This cinema’s annual Japan Cuts series is probably the biggest showcase of recent Japanese cinema on the New York moviegoer’s calendar. For the rest of the year, new films share screen space with classics, often shown on 35mm.

361 Stagg Street, Brooklyn; lightindustry.org.

This microcinema, which specializes in experimental films and usually holds Tuesday night screenings, held its latest program at its longtime Greenpoint location in April. It will reopen in June on Stagg Street. Past projections have varied greatly; they included early works by William Castle, a four-hour 1919 Mexican series, films by Hollis Frampton and Owen Land on 16 millimeters, and a marathon “Police Squad!” episodes.

343 Lenox Avenue, Manhattan; maysles.org.

This small (about 60 seats) venue in Harlem specializes in documentaries – it was founded by director Albert Maysles, of “Grey Gardens” fame. Programming often emphasizes social issues and local art.

7 Ludlow Street, Manhattan; metrograph.com.

An ever-changing (and expensive!) selection of international candy, a corner bookstore, and an upscale restaurant, The Commissary, are among the features of this two-screen Lower East Side venue, which opened in 2016. (Many don’t notice, but it sits across from the neglected Loew’s Canal Theater.) The retrospectives, like a recurring series of programmers’ favorites, organized alphabetically, have a corresponding artisanal feel.

11 West 53rd Street, Manhattan; moma.org.

MoMA has exhibited films since the 1930s, when Iris Barry, the museum’s first film curator, helped advance the idea that films should be collected as art. Today, the institution’s two main theaters screen films from its own collection and archives from around the world (annual series To record and project highlights recent preservation work). Admission to most screenings is free with membership.

36-01 35th Avenue, Queens; movingimage.us.

High ceilings and blue upholstery on the walls lend a slightly futuristic feel to the 267-seat Redstone Theater, the main auditorium of this Astoria museum. It works well when a favorite like “2001: A Space Odyssey” plays on 70 millimeters. More specialized fare is sometimes presented in the Bartos Screening Room down the hall.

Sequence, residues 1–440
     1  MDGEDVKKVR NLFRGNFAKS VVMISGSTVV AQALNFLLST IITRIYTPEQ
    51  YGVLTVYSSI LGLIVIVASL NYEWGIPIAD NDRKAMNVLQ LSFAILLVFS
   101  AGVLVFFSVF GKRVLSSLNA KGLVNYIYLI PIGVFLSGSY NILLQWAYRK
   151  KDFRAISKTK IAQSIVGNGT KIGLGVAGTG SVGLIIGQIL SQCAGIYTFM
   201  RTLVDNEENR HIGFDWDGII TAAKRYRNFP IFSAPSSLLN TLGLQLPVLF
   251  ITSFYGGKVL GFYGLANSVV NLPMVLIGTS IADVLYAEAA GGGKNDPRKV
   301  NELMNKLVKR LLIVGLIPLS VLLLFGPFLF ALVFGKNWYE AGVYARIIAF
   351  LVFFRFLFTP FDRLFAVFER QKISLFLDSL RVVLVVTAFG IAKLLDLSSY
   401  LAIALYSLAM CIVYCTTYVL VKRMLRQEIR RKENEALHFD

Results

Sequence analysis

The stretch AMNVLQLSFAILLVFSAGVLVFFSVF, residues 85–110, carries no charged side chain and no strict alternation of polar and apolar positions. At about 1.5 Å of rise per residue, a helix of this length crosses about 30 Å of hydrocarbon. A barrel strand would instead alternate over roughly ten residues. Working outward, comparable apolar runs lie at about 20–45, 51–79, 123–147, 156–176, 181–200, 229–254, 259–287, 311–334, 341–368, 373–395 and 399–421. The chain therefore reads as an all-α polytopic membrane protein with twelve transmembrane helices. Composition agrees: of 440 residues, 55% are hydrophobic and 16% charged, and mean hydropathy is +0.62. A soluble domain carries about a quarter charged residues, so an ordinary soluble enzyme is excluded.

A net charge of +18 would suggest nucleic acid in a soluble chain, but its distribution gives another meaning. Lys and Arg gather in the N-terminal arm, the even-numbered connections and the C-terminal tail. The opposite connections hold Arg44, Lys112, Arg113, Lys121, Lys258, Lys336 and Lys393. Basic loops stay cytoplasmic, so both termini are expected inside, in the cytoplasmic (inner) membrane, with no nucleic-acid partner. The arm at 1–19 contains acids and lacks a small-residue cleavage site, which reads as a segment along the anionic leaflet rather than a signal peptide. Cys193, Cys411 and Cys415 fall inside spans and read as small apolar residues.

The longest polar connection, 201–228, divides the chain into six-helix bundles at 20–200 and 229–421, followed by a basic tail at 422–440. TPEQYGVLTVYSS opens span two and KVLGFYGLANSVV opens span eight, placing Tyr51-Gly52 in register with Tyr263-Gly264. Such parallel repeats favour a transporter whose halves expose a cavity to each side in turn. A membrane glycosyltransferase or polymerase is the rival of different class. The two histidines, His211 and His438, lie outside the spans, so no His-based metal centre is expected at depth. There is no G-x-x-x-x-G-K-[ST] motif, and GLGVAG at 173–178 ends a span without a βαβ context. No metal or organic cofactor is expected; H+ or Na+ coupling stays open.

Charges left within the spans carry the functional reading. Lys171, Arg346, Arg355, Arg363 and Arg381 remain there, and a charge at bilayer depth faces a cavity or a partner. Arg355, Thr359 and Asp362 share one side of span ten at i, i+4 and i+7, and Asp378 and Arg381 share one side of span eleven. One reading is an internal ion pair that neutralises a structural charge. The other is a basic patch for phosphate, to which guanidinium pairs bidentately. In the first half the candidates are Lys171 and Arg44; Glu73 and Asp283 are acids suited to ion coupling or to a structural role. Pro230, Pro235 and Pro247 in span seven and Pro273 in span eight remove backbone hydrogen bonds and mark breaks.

Prospect Park188 Prospect Park West, Brooklyn. Williamsburg136 Metropolitan Avenue, Brooklyn. nitehawkcinema.com.

These stylish dining rooms feature multiple screens that showcase new releases and perennial favorites (“Carrie,” “Face/Off”) from brunch time to midnight tea time. Both venues have bars.

4 West 58th Street, Manhattan; paristheatrenyc.com.

Once a go-to destination for French cinema and literary films, Paris briefly closed in 2019, but was later rented out by Netflix, which uses it for theatrical release of its streaming titles (like “The Power of the Dog” by Jane Campion”) and older films intended to complement them. It is one of the few theaters in New York with a balcony.

34 West 13th Street, Manhattan; quadcinema.com.

When this Greenwich Village theater opened in 1972, having four screens was unusual. (“A new way to go to the movies,” a New York Times ad boasted on its first day.) It reopened in 2017 after a renovation that gave it bigger, more comfortable seats for catching new movie releases. arthouse, like “A Hero” or “We’re all going to the Universal Exhibition”. In addition, there is an adjoining bar.

2 Sixth Avenue, Manhattan; roxycinematribeca.com.

Located in the basement of the Roxy Hotel, this plush red screening room offers a mix of reruns (often on 35mm film) and second-run programs – recent releases that have been in theaters for some time.

124 South Third Street, Brooklyn; spectacletheatre.com.

A grungy Williamsburg microcinema launched in 2010, Spectacle has a schedule that’s as eclectic as it is inscrutable. There are horror and martial arts fare that leans towards the obscure, as well as plenty of international titles that never appear in other New York venues.

4140 Broadway, Manhattan; unitedpalace.org.

One of Loew’s original Wonder Theaters – movie palaces built in the late 1920s, with one in every borough except Staten Island (Jersey City got it instead) – this architectural marvel in Washington Heights is an attraction in itself. It is now run by an organization that promotes interfaith arts events, but the theater also hosts concerts and, usually once a month, film screenings. Local resident Lin-Manuel Miranda paid for a new screen and projector.